Open Source Archives

We strive to facilitate interdisciplinary collaboration and the implementation of progressive and  participatory research methods, with the goal of generating tangible, durable changes in the way research about Haiti is conceptualized, implemented and applied.


Research Hub & Open Source Archives

EKO HAITI Research Hub is a research and knowledge mobilization platform focused on creative, collaborative and interdisciplinary research and associated research-based learning. We aim to become the intellectual “home” for research about Haiti by creating and providing open access to the largest crowdsourced research archive dedicated to Haiti, by fostering cross-disciplinary research and innovation, and by providing support for progressive research in the form of contextual expertise and training.

“The trees fall from time to time, but the voice of the forest never loses its power. Life begins.”

Jacques Alexis, Les Arbres Musiciens (Paris, 1957)
Haiti is the birthplace of a rich literary heritage that deserves more attention. Haitian authors open a window into this Caribbean nation’s vibrant culture and tumultuous history.

EKO HAITI collections include all works, published and unpublished by Anthropologists Gerald Murray, Glenn Smucker and Timothy Schwartz
Dedicated to the late great, Kreyolicious (Katheline St. Fort), our photographs archives holds a large collection of images dating back to the late 1800's .
40 years of development reports, evaluations and survey databases many of which are not publicly available, are buried in drawers, closets, private libraries of NGOs and government donors.


Oral histories are a powerful tool in developing historical understanding

Oral history offers an alternative to conventional history, filling gaps in traditional research with personal accounts of historically significant events or simply life in a specific place and time. Oral histories do more than provide charming details to dry historical accounts. In fact, oral histories help others recapture lived experiences that are not written down in traditional sources.

> Transcripts archive

" Bwa pi wo di li wè lwen, men grenn pwomennen di li wè pi lwen pase l "

The tallest tree says that it sees far, but the seed that travels says that it sees even further.



As an independent institute, we rely on crowdsourcing and donations to continue expanding the depth and scope of our archives.  Your contribution enable us to provide open access to a vast collection of ethnographic and research material which in turn aims at fostering further research and contribute to a better understanding of the country.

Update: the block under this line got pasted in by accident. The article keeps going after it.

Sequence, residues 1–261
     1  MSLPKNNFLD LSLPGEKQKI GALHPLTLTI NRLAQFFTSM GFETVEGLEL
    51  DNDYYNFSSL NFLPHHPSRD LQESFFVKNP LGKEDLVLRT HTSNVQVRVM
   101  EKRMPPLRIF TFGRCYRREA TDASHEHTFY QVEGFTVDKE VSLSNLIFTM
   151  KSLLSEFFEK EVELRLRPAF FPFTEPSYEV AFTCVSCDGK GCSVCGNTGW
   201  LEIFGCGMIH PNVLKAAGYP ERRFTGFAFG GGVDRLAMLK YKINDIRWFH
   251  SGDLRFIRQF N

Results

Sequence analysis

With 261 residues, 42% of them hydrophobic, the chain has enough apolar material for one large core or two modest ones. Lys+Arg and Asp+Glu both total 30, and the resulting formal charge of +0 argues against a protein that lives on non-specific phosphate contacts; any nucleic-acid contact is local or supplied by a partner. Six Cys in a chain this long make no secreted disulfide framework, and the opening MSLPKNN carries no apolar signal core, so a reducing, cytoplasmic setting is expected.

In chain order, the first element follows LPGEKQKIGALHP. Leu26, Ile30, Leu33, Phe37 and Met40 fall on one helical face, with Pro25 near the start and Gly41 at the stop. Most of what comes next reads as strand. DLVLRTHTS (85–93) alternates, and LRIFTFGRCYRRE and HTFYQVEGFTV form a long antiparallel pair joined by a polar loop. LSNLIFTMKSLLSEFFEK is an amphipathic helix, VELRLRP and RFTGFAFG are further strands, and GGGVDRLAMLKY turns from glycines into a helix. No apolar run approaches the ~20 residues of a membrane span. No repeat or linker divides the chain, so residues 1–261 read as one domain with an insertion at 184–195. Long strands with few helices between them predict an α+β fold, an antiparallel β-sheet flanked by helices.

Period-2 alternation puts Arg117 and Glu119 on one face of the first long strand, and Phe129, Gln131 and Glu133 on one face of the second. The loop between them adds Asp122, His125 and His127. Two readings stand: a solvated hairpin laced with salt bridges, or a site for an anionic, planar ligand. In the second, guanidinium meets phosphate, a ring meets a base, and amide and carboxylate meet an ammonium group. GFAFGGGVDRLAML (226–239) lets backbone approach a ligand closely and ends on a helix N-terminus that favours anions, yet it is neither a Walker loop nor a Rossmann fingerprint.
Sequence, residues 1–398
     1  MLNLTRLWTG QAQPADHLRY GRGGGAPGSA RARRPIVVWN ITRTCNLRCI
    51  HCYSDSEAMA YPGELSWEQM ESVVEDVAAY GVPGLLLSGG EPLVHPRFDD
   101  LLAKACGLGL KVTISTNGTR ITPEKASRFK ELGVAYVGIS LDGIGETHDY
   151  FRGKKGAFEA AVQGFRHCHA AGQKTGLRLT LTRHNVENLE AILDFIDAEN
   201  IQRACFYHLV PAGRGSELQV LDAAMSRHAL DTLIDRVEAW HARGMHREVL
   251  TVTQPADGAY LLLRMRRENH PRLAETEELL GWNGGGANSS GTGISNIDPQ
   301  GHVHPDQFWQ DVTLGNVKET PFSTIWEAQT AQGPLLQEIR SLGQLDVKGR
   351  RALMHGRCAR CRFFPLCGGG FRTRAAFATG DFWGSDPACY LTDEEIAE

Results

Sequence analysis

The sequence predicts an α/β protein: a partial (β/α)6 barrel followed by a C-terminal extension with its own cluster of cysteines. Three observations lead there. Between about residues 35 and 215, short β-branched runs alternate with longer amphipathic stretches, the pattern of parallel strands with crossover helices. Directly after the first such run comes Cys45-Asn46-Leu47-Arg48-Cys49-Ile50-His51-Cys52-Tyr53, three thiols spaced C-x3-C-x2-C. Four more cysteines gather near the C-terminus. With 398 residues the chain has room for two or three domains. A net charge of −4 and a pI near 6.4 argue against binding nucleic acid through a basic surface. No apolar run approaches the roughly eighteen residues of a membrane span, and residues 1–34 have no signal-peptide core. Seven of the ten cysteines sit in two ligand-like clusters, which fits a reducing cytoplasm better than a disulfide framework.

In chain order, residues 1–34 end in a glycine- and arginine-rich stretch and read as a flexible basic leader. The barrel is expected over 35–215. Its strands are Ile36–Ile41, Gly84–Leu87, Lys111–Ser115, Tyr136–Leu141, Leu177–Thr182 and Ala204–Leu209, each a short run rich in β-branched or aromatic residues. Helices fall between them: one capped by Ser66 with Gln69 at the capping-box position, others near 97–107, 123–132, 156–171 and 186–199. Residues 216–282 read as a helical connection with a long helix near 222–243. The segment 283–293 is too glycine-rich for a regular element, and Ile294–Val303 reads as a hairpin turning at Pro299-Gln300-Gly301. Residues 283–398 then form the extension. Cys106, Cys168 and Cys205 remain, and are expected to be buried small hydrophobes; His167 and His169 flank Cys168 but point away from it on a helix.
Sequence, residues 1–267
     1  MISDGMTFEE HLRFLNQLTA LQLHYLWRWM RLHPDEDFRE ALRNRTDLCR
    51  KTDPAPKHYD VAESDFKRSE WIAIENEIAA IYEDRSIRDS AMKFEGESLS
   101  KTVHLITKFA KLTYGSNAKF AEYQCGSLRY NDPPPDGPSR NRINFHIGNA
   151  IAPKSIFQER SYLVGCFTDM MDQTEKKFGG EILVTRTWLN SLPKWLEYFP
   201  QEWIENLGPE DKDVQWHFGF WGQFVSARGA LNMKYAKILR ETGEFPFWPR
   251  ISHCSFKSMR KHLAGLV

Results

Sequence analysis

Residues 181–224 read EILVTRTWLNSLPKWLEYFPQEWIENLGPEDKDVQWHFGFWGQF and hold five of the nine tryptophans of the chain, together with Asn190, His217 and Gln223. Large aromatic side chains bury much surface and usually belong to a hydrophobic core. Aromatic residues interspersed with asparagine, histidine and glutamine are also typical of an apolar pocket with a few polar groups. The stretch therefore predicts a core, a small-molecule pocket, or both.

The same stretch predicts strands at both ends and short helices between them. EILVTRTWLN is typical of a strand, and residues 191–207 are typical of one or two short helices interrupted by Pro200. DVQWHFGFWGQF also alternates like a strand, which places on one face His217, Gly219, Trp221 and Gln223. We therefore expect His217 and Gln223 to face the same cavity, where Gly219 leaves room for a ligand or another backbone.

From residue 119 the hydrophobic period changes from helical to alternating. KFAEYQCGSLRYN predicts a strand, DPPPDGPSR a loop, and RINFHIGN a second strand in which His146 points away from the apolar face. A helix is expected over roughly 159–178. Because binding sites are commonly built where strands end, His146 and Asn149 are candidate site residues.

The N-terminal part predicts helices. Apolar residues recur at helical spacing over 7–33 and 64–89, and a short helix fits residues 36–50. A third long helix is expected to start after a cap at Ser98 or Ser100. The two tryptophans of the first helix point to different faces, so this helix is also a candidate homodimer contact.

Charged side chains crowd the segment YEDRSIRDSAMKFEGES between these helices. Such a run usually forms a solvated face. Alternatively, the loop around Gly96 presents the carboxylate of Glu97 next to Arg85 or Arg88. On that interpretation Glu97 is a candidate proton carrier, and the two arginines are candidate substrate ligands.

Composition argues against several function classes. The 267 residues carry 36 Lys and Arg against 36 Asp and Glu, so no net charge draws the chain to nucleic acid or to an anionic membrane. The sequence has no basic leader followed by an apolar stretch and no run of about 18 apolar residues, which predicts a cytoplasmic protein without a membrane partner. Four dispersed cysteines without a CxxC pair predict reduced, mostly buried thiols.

Haitians began arriving on U.S. shores long before the widely publicized boat people crisis of the early 1980s. In fact, historians have documented a Haitian presence as early as the 1770s when a contingent of Haitian soldiers fought in the American Revolutionary War. During the same period, maroons slaves who had escaped the oppressive plantation system could be found inNew York, New Orleans, and other U.S. cities. Individuals of Haitian descent who have made contributions to the United States include Jean Baptiste Point du Sable, the first non-Indian to settle Chicago; John James Audubon, the naturalist; and Pierre Toussaint, a former slave who is under consideration by the Vatican for canonization as a saint for his humanitarian work in New York.

Recent immigration to the United States can be viewed in terms of specific “waves,” each wave associated with a wave of repression within Haiti. The first wave began in 1957 following Francois “Papa Doc” Duvalier’s rise to power. These immigrants were members of the well-educated political and economic elite. Planning to return to Haiti after the ouster of Duvalier, they did not realize that their flight would forever affect the development of Haiti by depriving the country of its human resources. The next wave, in the late 1960s, coincided with the civil rights movement in the United States. Other factors terrorist tactics of the Duvalier government, a more liberal U.S. immigration policy, and the need of U.S. companies to replenish a labor force drained by the Vietnam War contributed to the influx of Haitians into the United States. For the most part, this wave of immigrants comprised skilled people from the middle and lower middle classes.